But one thing is clear for the Nats. Any yield of less than seven points over the next three games, and the Americans will find themselves in the unenviable position of needing three points from the final match at RFK, against a Costa Rica team likely to also be in desperate need of a victory.

Obviously, the best case scenario for the US would be to put all this talk to bed by winning its next three games, leaving it qualified, and likely at the top of the hexagonal for a second straight time, come that final match against Costa Rica.

It won't be easy, but this team can do it. Much, however, depends on how Coach Bob Bradley approaches the matches in question. Knowing he needs outright wins, will the coach stick to his pension for a more defensive counter attacking strategy in any of the matches? Will any of his planning include Brian Ching, or will he deem the combination of Jozy Altidore and Charlie Davies ready to unleash on CONCACAF?

Bradley is making noises about being aggressive, at least against El Salvador. With an amply attack-minded lineup in each of the remaining games, the Americans are likely to prove to have too much firepower for the rest of the group, and have the potential to pull away from the contenders, leaving the other three sides to battle out the last two direct qualifying spots.

But if the US reverts, at any point, to a conservative, defensive style that relinquishes possession and relies on naively hopeful longballs aimed at Ching, then the next two months will be a slow process of suffering for American fans.

Worse than that, it won't be until the final whistle against Costa Rica that we find out if the next date on the fixture will be a casual November friendly, or a less than desirable winner-take-all match-up with a South American team.
Tuesday September 8, 2009 6:41 pm
Sorry, I can't stop obsessing over these scenarios.

I overlooked one important point. The only way we enter the last game without the need of points in to win against TnT and Honduras. There are many scenarios that require us to beat Costa Rica (meaning they get to play for a draw against us in the last game [ which could actually work in our favor since they might go into a shell and let us bombard them with offense for 90 minutes, kinda like Coach B. would have us do if we go into the last game only needing a draw, that could end up working against us from a Coach B. tactics perspective ]).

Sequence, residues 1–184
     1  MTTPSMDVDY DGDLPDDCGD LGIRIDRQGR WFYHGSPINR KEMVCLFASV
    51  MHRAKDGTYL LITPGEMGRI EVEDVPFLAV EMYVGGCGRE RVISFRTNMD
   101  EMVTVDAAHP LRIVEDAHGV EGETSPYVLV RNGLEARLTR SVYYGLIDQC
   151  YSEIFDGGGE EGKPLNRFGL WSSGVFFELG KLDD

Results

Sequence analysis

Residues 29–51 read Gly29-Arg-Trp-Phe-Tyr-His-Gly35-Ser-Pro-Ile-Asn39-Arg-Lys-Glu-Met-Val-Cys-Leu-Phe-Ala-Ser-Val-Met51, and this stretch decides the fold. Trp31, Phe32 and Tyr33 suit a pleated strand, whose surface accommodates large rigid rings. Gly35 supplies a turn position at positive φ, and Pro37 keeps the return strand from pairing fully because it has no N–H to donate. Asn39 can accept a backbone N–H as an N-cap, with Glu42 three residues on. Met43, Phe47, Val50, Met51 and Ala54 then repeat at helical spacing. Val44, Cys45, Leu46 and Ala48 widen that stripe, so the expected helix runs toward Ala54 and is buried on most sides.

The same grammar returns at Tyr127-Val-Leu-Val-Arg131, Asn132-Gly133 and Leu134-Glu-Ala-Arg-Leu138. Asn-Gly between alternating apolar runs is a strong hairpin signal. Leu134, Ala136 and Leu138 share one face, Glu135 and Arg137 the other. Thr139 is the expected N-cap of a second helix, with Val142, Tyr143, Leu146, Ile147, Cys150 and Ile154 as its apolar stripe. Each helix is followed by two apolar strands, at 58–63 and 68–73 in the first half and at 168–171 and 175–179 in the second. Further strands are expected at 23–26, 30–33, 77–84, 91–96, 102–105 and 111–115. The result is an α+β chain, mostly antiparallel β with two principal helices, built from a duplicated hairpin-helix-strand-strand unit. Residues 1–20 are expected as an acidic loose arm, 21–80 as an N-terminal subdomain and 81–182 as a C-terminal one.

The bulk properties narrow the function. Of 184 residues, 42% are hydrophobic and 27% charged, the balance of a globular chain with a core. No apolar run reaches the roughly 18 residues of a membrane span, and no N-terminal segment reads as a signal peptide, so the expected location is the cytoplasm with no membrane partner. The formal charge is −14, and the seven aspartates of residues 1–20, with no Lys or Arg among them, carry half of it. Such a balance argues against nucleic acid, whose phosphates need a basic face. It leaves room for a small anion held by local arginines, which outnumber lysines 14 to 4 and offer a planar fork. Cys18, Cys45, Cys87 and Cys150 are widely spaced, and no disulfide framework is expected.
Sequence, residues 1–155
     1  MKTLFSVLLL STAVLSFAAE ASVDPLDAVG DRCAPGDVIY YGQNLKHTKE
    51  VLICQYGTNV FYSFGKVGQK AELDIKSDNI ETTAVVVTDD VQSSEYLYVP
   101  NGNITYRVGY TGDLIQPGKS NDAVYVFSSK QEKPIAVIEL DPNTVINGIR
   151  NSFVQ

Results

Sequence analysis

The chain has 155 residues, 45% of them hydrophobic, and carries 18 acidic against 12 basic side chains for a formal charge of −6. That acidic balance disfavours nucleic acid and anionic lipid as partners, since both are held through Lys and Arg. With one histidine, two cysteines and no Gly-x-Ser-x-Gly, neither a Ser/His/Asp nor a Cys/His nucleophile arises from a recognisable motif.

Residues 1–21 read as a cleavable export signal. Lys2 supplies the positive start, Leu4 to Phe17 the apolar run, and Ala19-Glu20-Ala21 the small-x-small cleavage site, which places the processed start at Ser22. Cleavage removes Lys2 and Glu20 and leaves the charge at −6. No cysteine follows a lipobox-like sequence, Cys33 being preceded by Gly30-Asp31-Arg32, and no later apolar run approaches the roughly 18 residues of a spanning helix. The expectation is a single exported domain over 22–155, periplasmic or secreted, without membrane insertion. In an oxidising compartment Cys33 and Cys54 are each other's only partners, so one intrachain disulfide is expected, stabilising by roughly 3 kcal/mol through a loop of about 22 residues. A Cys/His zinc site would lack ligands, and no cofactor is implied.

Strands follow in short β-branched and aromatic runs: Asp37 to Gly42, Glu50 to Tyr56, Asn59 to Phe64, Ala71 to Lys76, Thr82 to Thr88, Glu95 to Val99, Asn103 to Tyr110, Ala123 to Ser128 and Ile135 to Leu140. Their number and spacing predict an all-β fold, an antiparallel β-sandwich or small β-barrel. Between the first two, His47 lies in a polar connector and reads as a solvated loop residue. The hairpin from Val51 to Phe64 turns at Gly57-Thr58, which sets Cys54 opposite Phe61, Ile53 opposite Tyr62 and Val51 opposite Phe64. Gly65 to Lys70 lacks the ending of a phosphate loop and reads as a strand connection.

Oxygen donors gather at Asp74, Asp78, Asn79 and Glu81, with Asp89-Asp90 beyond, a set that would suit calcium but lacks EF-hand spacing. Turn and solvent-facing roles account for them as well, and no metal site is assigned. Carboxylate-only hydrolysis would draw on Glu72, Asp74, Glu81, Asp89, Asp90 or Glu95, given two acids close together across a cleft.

This is tremendously fascinating and will tell us a lot about our squad's makeup between the ears.
Tuesday September 8, 2009 6:40 pm
Looks kinda ugly. With the majority of realistic posibilitites that I tried, we end up third or forth. Let's be honest, the way Honduras is playing we probably will not get a point in Honduras. They have scored the most goals, and allowed the fewest and much of this was without their best player, and one of the top 2 or 3 players in CONCACAF David Suazo.

Therefore, we MUST win in Trinidad on the road and Costa Rica at home. If we lose against Trinidad, then we are going to have to win in Honduras. Simple as that.

If BB does his 2 CDM, someone needs to have his effen head examined. We also need goals to help us with goal differential tiebreakers.
Tuesday September 8, 2009 5:53 pm
Working through the 42 different scenarios (there's probably less than that realistically), the US really has their destiny easily in their hands. They need 5 points from the 3 games to qualify, doesn't matter how they come. Draw against TnT and Honduras then beat Costa Rica, we're in (if Mexico and Honduras draw, we go in on goal differential over Costa Rica).

I feel better after looking at it this way. If we can't get 5 points from these 3 games, we prove that the Confed Cup was a fluke and we don't belong in the World Cup. And we'll be looking for a new coach.